What is Sexual Assault?
Any sexual activity that occurs without the person's consent, which may include, but not limited to nonconsensual sexual intercourse, sodomy, child molestation, incest, fondling, and attempted rape. Sexual assault includes the act of rape (oral, anal or vaginal intercourse without consent) or penetration by a foreign object (including a finger). It also includes non-penetrating acts such as touching an unwilling person's sexual parts (for example, breast, buttocks, genitalia), naked or through clothing.
Sexual assault can also entail forcing or coercing an unwilling person to touch another person's sexual parts. Force includes the use of physical aggression, threats of physical aggression or sexual contact with a person who is unable to consent (for example, unconscious, incapacitated, asleep, etc.).
Sexual assault can also be non-forceful coercion. Examples of this may be threatening to reveal secrets, tell others the victim and perpetrator had sexual intercourse, fire an employee, fail a student or threaten the victim's friends or family members.
For additional information on sexual violence, please visit the Center for Disease Control's website, click here.
For a guide of Binghamton University's Sexual Assault Protocol, click here.
How prevalent is Sexual Assault?
- Every two minutes another American is sexually assaulted.
- 60 percent of sexual assaults go unreported.
- 97 percent of rapists will never spend a day in jail.
- 2/3 of assaults are committed by someone known to the victim.
Who commits Sexual Assault?
Sexual assaults are committed by strangers AND people the victim knows. In fact, most rapes and sexual assaults are committed by someone the victim knows: friends, acquaintances, dates, romantic partners, spouses or domestic partners.
Who are victims of Sexual Assault?
Although people often think of rape as something that only happens to women, this isn't true. Both men and women are raped or sexually assaulted, as are people of every ethnicity, age, culture, religion, economic background and sexual orientation.
Even if I haven’t been seriously hurt physically, could I still have been Sexually Assaulted?
Yes. ANY sexual contact upon you by someone against your will is illegal, against the Binghamton University Student Code of Conduct (which applies to students) and the Binghamton University Policy (which applies to faculty/staff and students). It’s illegal, even if you have been sexual with that person in the past or are currently being sexual, however you don’t wish to go past certain limits.
- A stranger grabs your breast at a party or in a bar
- A date insists you have sex even after you say you don’t want to
- Your romantic partner of four years forces you to have sex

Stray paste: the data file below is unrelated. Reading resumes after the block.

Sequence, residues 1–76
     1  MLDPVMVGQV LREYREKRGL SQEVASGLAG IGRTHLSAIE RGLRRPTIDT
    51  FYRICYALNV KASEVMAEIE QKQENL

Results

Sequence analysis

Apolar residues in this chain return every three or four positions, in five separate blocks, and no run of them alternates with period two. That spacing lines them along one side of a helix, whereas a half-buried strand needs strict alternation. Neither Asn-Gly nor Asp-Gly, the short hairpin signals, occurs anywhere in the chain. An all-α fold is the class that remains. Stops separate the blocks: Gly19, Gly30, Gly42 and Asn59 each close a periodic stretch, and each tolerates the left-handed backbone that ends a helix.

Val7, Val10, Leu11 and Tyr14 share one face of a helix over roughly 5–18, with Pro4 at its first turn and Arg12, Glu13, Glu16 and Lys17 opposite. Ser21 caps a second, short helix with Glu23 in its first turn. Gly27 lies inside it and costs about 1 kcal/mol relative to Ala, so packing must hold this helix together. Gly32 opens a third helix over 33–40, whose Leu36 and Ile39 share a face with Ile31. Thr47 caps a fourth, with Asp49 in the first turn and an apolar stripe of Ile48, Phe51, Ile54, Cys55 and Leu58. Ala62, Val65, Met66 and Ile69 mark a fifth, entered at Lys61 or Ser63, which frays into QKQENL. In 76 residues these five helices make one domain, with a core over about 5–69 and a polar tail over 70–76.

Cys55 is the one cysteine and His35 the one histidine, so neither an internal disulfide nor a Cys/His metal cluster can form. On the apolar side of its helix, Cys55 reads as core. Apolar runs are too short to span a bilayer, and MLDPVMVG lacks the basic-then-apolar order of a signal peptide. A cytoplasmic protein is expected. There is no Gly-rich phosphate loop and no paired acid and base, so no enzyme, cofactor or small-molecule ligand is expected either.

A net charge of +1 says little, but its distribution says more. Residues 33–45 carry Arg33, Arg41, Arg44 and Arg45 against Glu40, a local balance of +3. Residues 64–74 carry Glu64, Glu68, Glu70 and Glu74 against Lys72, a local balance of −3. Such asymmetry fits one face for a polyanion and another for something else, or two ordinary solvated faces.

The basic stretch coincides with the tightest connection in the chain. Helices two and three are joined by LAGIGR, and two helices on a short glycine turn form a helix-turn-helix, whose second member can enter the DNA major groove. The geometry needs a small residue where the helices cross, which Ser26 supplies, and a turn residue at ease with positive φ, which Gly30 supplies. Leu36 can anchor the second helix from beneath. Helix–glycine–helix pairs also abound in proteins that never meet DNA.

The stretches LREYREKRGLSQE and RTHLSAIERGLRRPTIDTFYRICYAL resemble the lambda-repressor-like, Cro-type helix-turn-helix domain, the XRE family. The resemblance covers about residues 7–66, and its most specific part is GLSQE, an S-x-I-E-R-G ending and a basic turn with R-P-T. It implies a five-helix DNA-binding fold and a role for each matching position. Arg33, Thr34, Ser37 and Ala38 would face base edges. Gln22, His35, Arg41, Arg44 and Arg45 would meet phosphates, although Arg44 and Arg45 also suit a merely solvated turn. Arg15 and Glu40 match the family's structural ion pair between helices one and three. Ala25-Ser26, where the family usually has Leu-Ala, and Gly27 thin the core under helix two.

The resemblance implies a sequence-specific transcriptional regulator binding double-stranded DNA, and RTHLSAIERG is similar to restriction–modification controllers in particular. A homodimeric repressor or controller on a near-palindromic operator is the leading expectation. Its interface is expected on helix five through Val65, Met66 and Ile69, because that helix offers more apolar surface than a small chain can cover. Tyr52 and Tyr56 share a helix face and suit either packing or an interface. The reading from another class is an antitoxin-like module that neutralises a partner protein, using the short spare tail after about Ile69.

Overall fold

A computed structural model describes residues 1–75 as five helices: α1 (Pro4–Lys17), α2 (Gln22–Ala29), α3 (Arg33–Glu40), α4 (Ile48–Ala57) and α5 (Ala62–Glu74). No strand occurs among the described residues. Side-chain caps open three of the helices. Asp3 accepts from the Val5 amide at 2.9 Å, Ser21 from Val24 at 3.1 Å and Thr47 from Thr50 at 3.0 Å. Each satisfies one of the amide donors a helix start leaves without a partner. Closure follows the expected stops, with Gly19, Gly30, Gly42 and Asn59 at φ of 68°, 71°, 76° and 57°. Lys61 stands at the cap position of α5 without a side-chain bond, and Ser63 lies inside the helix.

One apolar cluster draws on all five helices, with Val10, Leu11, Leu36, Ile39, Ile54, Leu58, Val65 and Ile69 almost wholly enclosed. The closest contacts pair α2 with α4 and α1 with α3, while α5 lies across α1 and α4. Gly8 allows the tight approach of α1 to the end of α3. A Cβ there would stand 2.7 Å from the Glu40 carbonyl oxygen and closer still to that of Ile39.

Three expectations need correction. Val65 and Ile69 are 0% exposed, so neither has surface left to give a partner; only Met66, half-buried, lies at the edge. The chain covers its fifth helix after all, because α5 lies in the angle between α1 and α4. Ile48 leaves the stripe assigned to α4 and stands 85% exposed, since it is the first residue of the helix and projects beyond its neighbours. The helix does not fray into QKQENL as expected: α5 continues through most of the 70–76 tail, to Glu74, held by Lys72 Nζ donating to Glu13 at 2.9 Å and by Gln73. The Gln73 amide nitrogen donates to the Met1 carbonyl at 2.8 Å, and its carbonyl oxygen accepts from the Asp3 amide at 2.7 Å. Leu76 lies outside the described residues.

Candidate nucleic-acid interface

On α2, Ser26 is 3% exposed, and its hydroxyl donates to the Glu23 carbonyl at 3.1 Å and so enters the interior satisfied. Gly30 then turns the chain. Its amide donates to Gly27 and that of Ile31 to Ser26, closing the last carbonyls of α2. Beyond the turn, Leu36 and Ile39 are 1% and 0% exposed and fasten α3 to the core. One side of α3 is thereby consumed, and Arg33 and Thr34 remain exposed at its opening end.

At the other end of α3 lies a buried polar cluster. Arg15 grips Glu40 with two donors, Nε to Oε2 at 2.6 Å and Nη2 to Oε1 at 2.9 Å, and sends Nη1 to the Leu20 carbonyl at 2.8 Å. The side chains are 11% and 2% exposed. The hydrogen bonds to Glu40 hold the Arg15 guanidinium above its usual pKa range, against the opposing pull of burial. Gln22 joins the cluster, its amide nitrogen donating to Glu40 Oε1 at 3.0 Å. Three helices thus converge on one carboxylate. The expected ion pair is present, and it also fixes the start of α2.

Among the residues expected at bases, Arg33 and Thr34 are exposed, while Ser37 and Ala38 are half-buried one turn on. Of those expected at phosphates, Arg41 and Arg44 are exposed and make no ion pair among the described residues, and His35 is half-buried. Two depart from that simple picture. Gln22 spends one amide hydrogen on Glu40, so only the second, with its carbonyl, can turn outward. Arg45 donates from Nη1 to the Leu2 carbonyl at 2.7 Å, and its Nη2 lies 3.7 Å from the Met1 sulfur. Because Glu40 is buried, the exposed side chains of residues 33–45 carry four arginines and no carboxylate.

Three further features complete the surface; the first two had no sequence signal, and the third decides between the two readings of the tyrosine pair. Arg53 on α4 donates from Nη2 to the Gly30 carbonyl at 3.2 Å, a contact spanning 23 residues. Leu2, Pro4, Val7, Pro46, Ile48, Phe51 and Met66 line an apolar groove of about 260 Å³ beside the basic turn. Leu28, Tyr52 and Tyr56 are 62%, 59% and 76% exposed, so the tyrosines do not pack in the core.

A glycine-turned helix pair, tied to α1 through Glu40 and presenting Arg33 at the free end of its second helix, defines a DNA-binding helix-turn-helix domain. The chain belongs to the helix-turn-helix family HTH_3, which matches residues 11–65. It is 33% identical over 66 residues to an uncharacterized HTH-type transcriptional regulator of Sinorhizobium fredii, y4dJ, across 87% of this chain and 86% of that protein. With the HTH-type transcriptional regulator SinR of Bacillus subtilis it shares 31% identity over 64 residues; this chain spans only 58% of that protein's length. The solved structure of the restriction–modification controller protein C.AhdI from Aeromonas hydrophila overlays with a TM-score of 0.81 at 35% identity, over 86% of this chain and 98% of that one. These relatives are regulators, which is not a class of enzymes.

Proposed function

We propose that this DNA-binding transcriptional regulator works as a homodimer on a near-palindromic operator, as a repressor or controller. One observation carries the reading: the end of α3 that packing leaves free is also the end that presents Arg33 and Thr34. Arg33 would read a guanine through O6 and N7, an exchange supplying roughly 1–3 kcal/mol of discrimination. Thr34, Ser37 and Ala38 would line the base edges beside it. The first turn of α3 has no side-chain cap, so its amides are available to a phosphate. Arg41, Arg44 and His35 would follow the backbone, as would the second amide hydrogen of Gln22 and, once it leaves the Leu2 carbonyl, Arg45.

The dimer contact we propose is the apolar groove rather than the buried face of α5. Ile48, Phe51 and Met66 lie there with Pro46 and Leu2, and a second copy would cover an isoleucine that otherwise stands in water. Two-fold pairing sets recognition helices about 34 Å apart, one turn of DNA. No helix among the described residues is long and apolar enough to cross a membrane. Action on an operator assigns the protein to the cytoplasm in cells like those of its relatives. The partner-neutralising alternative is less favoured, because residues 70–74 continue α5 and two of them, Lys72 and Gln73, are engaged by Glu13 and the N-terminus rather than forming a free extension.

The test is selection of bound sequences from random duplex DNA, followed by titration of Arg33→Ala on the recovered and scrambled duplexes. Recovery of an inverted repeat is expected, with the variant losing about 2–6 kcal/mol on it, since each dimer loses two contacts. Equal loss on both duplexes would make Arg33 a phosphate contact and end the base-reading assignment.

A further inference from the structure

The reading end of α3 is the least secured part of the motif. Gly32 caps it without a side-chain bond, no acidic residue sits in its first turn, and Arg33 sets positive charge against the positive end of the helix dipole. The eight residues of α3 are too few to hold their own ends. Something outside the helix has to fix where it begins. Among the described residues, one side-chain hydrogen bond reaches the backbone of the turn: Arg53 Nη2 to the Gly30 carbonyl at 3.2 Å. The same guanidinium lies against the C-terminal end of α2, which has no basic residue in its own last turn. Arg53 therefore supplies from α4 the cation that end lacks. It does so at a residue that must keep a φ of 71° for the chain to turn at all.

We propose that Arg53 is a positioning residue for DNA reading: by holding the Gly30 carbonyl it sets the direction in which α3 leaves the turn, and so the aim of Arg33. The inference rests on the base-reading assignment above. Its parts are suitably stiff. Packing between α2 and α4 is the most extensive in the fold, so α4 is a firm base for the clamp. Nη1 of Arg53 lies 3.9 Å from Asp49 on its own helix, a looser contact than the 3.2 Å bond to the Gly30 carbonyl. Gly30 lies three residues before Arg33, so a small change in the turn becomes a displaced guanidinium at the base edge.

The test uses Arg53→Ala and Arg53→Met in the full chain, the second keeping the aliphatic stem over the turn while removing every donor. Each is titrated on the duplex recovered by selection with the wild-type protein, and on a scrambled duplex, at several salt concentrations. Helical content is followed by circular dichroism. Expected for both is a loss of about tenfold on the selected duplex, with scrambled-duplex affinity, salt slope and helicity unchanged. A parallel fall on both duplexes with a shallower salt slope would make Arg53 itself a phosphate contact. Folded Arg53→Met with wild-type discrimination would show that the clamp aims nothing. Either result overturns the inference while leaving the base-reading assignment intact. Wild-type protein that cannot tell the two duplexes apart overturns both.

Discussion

- A person gets you drunk or slips a drug into your drink to get you to have sex with him/her
What can I do if I've been Sexually Assaulted?
If you’ve been raped or sexually assaulted, or if think you have been but aren’t sure, it’s important to talk to someone.
You may choose to:
- Speak to a counselor at the University Counseling Center.
- Receive advocacy and support by contacting the Crime Victims Assistance Center or the Dean of Students Case Management and Advocacy.
- For additional information and steps to recovery visit our Support is Available webpage.
How long do I have to collect evidence after a Sexual Assault?
The time frame for evidence collection in New York is 96 hours. If this time has passed, it's still important to report the incident because your safety or another student's safety may be in jeopardy and you may need medical treatment.
How long do I have to report a Sexual Assault?
The time frame to report a sexual assault in the University does not have a limitation. However, it becomes increasingly difficult to investigate if the perpetrator is no longer a student at Binghamton University. Local police departments generally have a statute of limitations of 10 years, but have been known to accept cases beyond this limit.
How do victims typically respond to a Sexual Assault?
It is important to remember that there is no right way for a survivor to feel. Those who have been sexually assaulted may exhibit a wide range of emotional responses: calm, apathetic, confused, shocked, angry, guilty or ashamed. Each person reacts differently and how the community responds to an individual's crisis can significantly impact the individual's ability to recover from the event.
Though sexual assault can occur to any persons of any gender, it is recommended that you read Victim Responses to Sexual Assault: Counterintuitive or Simply Adaptive from the Office of Violence Against Women.
Consider visiting our page, if you are Concerned for a Friend.
For additional contacts and support systems visit our Resources page.